Mining and steelmaking operations produce significant amounts of waste, including the surplus rock, spent ore and tailings left over after processing ore and concentrates. EVRAZ aims to reduce the amount of waste that it produces, re-use natural resources where possible and dispose of waste in a manner that minimises the environmental impact and maximises operational and financial efficiency.
In line with the Group’s strategy to reduce waste storage volumes and enhance waste disposal, EVRAZ operations regularly review opportunities to recycle and re-use waste.
The main waste by-product that gets recycled is metallurgical slag, which includes materials that previously had been disposed off in dumps. Processing this waste has allowed the Group to maintain a recycling rate of more than 100%. Most of the old slag in these dumps has been processed over the past few years, which is the primary reason why the recycling rate is forecast to decline going forward. The management has decided to continue its waste minimisation efforts and set a target to reuse or recycle at least 95% of waste.
In 2018, EVRAZ steel mills generated 7.95 million tonnes of metallurgical waste and by-products, including slag, sludge, scale and others, and recycled or re-used 8.85 million tonnes of material. Overall, the Group recycled or re-used 111.3% of non-mining waste and by-products in 2018, compared with 104.7% a year earlier.
EVRAZ strategy for dealing with non-hazardous mining wastes, such as depleted rock, tailings and overburden, is to use them where possible for land rehabilitation and the construction of dams or roads. In 2018, 6% or 60.7 million tonnes of such waste material were re-used, compared with 29.7% or 50.4 million tonnes in 2017.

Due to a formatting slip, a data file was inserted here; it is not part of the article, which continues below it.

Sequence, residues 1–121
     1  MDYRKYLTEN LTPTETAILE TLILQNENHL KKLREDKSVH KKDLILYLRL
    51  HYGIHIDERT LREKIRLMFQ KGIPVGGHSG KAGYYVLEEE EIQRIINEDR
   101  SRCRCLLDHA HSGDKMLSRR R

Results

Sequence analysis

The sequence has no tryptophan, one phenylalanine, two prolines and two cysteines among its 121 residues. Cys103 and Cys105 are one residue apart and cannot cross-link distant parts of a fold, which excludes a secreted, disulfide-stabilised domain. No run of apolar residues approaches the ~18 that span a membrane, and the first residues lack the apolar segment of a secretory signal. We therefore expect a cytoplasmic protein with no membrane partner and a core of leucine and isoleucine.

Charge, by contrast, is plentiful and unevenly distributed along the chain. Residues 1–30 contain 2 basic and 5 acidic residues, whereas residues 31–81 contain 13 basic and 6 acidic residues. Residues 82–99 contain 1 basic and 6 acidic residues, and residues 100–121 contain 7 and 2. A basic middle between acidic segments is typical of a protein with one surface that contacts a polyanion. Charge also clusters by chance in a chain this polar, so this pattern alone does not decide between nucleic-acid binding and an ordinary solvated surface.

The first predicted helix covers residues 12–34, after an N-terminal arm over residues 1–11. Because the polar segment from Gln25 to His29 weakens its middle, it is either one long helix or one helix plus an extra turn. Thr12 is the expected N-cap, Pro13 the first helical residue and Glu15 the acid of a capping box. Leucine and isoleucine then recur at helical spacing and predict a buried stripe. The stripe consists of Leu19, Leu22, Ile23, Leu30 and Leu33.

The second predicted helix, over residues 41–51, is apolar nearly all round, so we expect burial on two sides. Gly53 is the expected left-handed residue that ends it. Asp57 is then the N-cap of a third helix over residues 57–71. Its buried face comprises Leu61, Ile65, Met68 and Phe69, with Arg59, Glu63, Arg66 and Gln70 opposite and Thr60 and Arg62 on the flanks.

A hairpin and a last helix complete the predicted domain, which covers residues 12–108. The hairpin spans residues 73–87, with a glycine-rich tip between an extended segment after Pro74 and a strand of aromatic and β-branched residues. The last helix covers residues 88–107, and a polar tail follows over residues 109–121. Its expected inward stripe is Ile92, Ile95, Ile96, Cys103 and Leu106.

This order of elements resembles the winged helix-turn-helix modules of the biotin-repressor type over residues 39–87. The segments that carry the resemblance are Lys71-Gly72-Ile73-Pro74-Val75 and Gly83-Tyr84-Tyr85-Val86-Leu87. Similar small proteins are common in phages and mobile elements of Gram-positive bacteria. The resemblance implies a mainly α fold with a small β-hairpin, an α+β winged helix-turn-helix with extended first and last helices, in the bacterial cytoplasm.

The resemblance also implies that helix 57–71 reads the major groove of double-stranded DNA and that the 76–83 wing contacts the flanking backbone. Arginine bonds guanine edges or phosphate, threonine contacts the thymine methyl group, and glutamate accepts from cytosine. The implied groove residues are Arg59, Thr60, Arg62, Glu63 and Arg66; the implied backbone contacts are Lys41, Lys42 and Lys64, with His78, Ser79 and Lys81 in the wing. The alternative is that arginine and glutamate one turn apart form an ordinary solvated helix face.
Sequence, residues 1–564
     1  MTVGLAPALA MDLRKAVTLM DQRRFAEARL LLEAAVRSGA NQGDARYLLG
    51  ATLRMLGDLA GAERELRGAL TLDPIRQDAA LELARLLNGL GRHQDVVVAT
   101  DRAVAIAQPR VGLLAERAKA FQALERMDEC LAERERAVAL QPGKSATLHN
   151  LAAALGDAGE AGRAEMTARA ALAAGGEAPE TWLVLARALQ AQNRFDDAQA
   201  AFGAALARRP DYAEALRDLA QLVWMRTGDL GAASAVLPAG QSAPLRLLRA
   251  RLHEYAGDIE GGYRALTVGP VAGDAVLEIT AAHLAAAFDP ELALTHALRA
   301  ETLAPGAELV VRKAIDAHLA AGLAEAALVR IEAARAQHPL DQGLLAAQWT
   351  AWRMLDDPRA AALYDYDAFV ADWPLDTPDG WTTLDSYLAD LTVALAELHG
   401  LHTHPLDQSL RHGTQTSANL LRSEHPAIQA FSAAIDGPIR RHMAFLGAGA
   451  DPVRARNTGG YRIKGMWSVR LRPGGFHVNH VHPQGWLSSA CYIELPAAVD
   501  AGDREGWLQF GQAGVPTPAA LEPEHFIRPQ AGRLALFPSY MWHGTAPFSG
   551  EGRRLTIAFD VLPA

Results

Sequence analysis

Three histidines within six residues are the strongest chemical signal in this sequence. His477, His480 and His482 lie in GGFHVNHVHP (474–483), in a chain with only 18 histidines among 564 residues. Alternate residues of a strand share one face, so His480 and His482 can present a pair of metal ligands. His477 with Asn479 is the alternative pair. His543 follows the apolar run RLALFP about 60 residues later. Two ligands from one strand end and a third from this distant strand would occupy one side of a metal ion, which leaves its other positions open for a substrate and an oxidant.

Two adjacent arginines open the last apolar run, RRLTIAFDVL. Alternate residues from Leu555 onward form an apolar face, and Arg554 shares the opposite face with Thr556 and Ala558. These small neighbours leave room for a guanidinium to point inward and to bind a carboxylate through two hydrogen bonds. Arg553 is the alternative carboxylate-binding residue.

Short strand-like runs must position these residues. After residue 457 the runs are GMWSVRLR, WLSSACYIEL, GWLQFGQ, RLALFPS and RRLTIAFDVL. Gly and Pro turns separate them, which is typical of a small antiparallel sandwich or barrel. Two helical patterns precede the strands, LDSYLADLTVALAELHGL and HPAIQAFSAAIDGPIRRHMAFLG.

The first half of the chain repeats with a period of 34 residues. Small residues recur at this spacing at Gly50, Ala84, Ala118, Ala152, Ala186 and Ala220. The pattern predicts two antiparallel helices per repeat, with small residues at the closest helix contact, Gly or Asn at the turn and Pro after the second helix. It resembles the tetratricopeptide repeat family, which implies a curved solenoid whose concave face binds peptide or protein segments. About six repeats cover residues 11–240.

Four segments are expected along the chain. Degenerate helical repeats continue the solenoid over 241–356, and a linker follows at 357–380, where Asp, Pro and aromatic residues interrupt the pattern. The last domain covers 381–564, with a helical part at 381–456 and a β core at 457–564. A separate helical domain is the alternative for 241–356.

All non-recyclable waste is stored in facilities that are designed to prevent any harmful substances contained in the waste from escaping into the environment. Safety at such facilities is monitored extremely closely, and steps have been taken to mitigate as far as possible any danger to third parties in an emergency.
The largest tailings dams of EVRAZ are owned by EVRAZ ZSMK, EVRAZ KGOK and Evrazruda. The company has a dam safety management system in accordance with the current legislative procedures that cover all stages of dam life cycle: design, construction, operation and asset retirement. All the dams have safety zones now and one village (107 houses) has been completely resettled by EVRAZ to avoid victims in case of accident with the EVRAZ ZSMK dam. The process procedures are controlled by the operations and audited by the HSE personal of the sites, the regulator’s inspectors and the group’s internal auditors. In 2016, two out of three dams were audited by industrial safety auditors and the measures to improve the effectiveness of controls were proposed. All the measures have been implemented. The next audit of dams operation will be conducted during 2019. The management review of the issue was conducted during the HSE Committee of BoD held on 5 February 2019.